Part of the literary and artistic legacy left from before randomization, it is a reminder of the House’s roots.
The print shop dates to 1978, when a group of Adams residents found a long-forgotten printing press in the house basement.
They dragged it out of storage and taught themselves how to use it, and the Bow and Arrow Press was born.
According to Ralph G. Vetters ’85, one of the current print masters and a former Adams resident, the press enjoyed a “golden age” in the late 1980s.
The press was an active and nationally known workshop at the time, and its leader, Gino Lee ’86, went on to become a well-known graphic designer and co-creator of the Mac OS X font “Zapfino.”
The press’s popularity has dwindled since then, but Vetters says it is undergoing a revival.
Last Friday, the Bow and Arrow acquired a typecasting machine that will allow the shop to make its own type from lead. Projects were formerly limited by the press’s supply of letters, since each piece of type can only be used once per page.
“We won’t be setting a poem and suddenly run out of e’s,” Vetters says of the change.
Judging from the cards and posters that hang from the walls, the press has a long history in Adams House. Signs listing hours for the House’s clothing-optional pool—now a theater—share space with an invitation from the President and Fellows of the Harvard Cigar Society to their first smoker, held last semester.
The shop has expanded over the years to include four presses, which inky-handed undergraduates can use on Wednesday and Thursday evenings. One is a galley press used for printing quick proofs. Two are larger, standard presses. A fourth is a clamshell platen press used for creating small items such as cards and invitations.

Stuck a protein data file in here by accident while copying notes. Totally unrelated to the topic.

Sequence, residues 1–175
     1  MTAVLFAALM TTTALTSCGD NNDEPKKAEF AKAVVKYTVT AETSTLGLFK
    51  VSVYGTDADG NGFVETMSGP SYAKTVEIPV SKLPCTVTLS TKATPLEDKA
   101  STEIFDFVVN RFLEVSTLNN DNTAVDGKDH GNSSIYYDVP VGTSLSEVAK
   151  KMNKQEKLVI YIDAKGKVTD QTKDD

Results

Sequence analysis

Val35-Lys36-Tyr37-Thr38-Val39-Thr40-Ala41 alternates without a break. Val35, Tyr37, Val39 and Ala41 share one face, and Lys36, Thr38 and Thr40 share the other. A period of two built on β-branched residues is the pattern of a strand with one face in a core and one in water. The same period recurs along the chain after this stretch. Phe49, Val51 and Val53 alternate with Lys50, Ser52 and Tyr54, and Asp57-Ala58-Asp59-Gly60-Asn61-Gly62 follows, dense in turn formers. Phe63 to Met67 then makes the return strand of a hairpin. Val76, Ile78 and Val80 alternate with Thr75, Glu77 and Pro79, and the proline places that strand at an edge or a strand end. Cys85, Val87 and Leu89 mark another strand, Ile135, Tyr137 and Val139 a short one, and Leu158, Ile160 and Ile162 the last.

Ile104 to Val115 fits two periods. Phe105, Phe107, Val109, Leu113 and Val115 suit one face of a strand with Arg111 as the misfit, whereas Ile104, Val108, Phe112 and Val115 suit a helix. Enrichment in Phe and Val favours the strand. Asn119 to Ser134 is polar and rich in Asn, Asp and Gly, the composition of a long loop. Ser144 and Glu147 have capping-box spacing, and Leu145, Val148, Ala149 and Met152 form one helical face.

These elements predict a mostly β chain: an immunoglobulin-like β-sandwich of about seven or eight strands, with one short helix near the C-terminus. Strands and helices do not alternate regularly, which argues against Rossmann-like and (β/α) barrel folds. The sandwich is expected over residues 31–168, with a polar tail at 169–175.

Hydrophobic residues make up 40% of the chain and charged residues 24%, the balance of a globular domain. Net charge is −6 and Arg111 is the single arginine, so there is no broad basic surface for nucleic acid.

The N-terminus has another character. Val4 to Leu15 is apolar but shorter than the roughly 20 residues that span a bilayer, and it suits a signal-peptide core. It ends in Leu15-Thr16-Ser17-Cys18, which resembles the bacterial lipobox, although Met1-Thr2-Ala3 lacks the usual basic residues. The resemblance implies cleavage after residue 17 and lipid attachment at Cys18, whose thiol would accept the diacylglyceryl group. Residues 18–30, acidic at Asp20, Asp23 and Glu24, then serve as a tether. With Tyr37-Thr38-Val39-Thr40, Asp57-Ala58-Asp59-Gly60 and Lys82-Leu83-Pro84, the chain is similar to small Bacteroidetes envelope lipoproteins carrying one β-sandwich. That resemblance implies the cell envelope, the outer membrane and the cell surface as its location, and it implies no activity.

According to Vetters, this brand of clamshell platen press is no longer produced, and the Bow and Arrow’s is “probably over one hundred years old.”
On a typical night, two or three students will be designing posters, setting type and inking rollers as they prepare their creations for press. Many users of the press are from Adams, according to co-print master and former Adams resident Sarah M. Hulsey ’01, but students come from all of the River Houses and several first-year dorms.
Most projects are artistic or literary, such as an advertisement for the queer art show “Beautiful Rebellion,” by Han Yu ’06, or a setting of a Catullus poem Abigail S. Miller ’05.
Although most printing nowadays is done directly from computer (via offset printing), Hulsey says letter press is ideal for making small, high-quality runs.
“Letter press is popular now for different reasons,” he says. “You can make much more beautiful things here than you can make with offset. It’s the quality of the ink and the paper.”
This year, the press is sponsoring its second annual poetry contest, which is open to all undergraduates. (Submissions are limited to twenty-five lines and are due March 22.) Winners’ poems will be bound and published by the press in a run of about one hundred copies.
Last year saw 99 entries, although Vetters says he is hoping to attract even more this time around.
The contest is “long overdue,” according to Louisa Salerno, proprietor of the Grolier Poetry Bookstore and a competition judge last year.
The press is also holding a competition for illustrations that will accompany a poster containing the poem “The Laglan Blackbird” in various translations, including several by visiting scholar and poet Seamus Heaney, who is affiliated with Adams House.
Vetters and Hulsey say they agree that one of the most remarkable things about the Bow and Arrow Press is the freedom that students have in using it.
Vetters says that most college-owned letter presses are part of a book arts curriculum and used primarily by classes.
“We’re a little peculiar in that this is driven by ad hoc student projects,” he says.
For him, the independent press is one of the “kooky” things that sets Adams apart from other houses, and he says House Co-Masters Judith and Sean Palfrey “have been really interested in making sure Adams House traditions go on.”
Vetters says he encourages students to use the press for making agit-prop because he “wanted to find a way to get political views expressed graphically.”
New facilities for bookbinding and silk-screening are also planned.